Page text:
Advanced pencil beam scanning Bragg peak FLASH-RT delivery technique can enhance lung cancer planning treatment outcomes compared to conventional multiple-energy proton PBS techniques


      • The single-energy Bragg planning can have IMPT-equivalent plan quality for lung cancers.
      • Both dose rate and dose thresholds were applied to evaluate the "FLASHness" for OARs..
      • Single-field in a multiple-field scheme for a hypofractionation regimen also can reach FLASH constraints.
      • Pristine or single-energy Bragg peak IMPT can deliver highly conformal FLASH radiotherapy.



      To investigate the dosimetric characteristics between an advanced proton pencil beam scanning (PBS) Bragg peak FLASH technique and conventional PBS planning technique in lung tumors. To evaluate the “FLASHness” of single-field in a multiple-field delivery scheme for a hypofractionation regimen and move a step forward to clinical application.


      Single-energy PBS Bragg peak FLASH treatment plans were optimized based on a novel Bragg peak tracking technique to enable Bragg peaks to stop at the distal edge of the target. Inverse treatment planning using multiple-field optimization (MFO) can achieve sufficient FLASH dose rate and intensity-modulated proton therapy (IMPT)-equivalent dosimetric quality. The dose rate of organs-at-risk (OARs) and the target were calculated under FLASH machine parameters. A group of 10 consecutive lung SBRT patients was optimized to 34 Gy/fraction using a standard treatment of PBS technique with multiple energy layers as references to the Bragg peak plans. The dosimetric quality was compared between Bragg peak FLASH and conventional plans based on RTOG0915 dose metrics. FLASH dose rate ratios (V40Gy/s) were calculated as a metric of the FLASH-sparing effect.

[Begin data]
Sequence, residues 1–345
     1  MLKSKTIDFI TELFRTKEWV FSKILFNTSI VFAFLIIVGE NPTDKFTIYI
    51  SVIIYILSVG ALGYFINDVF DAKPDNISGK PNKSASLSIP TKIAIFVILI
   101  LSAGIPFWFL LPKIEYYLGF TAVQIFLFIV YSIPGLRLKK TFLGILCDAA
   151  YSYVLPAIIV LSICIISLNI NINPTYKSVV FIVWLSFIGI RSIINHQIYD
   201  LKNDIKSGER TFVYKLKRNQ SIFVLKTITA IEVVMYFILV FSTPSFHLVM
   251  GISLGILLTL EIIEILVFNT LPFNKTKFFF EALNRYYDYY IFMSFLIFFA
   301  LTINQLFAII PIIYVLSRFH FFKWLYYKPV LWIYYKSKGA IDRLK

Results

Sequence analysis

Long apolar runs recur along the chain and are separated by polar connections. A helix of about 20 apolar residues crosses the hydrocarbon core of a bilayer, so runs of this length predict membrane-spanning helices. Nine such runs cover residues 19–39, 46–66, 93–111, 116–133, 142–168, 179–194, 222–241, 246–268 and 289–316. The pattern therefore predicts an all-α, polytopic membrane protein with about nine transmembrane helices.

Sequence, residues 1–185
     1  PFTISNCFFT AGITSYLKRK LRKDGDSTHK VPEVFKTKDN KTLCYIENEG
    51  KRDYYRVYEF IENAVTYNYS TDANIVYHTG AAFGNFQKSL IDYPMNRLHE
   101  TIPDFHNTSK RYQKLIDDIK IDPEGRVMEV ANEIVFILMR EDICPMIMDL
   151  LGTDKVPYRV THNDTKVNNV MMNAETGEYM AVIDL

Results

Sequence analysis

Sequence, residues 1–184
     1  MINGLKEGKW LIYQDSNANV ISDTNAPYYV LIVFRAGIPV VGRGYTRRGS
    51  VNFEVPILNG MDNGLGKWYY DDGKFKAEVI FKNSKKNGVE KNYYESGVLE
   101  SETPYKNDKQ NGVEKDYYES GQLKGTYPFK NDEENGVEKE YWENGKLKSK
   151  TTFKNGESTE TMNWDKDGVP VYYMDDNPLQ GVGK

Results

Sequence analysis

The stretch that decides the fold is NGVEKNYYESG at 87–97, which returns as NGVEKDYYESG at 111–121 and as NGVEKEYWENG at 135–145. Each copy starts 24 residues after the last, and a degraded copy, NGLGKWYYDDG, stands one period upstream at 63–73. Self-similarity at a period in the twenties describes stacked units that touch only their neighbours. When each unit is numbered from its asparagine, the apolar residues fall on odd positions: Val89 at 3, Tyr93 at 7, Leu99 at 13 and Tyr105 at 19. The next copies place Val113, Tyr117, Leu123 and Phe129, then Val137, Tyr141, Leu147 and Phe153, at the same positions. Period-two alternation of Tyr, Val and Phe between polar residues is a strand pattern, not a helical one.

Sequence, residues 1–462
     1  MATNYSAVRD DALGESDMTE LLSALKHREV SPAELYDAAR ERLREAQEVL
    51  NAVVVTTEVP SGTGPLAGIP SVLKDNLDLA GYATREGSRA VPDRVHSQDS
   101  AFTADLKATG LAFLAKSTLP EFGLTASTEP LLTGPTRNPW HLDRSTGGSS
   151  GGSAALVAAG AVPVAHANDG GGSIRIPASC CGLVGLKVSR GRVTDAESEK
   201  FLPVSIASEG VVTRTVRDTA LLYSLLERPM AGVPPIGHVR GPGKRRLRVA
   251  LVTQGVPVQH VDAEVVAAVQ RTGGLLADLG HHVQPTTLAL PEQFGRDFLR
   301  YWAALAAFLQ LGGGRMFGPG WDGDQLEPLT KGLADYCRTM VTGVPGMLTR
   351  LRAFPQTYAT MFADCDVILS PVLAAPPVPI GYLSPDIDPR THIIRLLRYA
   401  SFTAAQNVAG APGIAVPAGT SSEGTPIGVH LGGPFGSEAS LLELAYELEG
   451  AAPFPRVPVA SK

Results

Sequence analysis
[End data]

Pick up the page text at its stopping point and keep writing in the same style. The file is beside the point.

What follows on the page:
For higher dose thresholds, the Bragg peak plans achieved greater V40Gy/s FLASH coverage for all major OARs. The V40Gy/s was close to 100% for all OARs when the dose thresholds were > 5 Gy for full plan and single beam evaluations. The less “FLASHness” region was associated with a low dose distribution, mainly occurring in the PBS field penumbra region. The conventional IMPT treatment plans yielded slightly superior target dose uniformity with a D2%(%) of 108.02% versus that of Bragg peak 300 MU plans of 111.81% (p < 0.01) and that of Bragg peak 1200 MU plans of 115.95% (p < 0.01). No significant difference in dose metrics was found between Bragg peak and IMPT treatment plans for the spinal cord, esophagus, heart, or lung-GTV (all p > 0.05).


      Hypofractionated lung Bragg peak plans can maintain comparable plan quality to conventional PBS while achieving sufficient FLASH dose rate coverage for major OARs for each field under the multiple-field delivery scheme. The novel Bragg peak FLASH technique has the potential to enhance lung cancer planning treatment outcomes compared to standard PBS treatment techniques.


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